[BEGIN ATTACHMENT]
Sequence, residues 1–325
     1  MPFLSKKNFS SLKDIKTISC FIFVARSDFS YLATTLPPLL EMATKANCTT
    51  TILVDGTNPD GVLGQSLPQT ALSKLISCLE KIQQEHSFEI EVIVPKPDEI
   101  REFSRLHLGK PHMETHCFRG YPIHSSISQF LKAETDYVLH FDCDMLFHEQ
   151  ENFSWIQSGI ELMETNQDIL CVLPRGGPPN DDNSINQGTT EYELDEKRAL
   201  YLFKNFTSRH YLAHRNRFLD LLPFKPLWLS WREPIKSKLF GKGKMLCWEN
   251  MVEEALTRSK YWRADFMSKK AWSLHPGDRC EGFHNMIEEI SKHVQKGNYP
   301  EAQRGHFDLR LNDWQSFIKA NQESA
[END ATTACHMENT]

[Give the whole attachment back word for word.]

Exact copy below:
Sequence, residues 1–325
     1  MPFLSKKNFS SLKDIKTISC FIFVARSDFS YLATTLPPLL EMATKANCTT
    51  TILVDGTNPD GVLGQSLPQT ALSKLISCLE KIQQEHSFEI EVIVPKPDEI
   101  REFSRLHLGK PHMETHCFRG YPIHSSISQF LKAETDYVLH FDCDMLFHEQ
   151  ENFSWIQSGI ELMETNQDIL CVLPRGGPPN DDNSINQGTT EYELDEKRAL
   201  YLFKNFTSRH YLAHRNRFLD LLPFKPLWLS WREPIKSKLF GKGKMLCWEN
   251  MVEEALTRSK YWRADFMSKK AWSLHPGDRC EGFHNMIEEI SKHVQKGNYP
   301  EAQRGHFDLR LNDWQSFIKA NQESA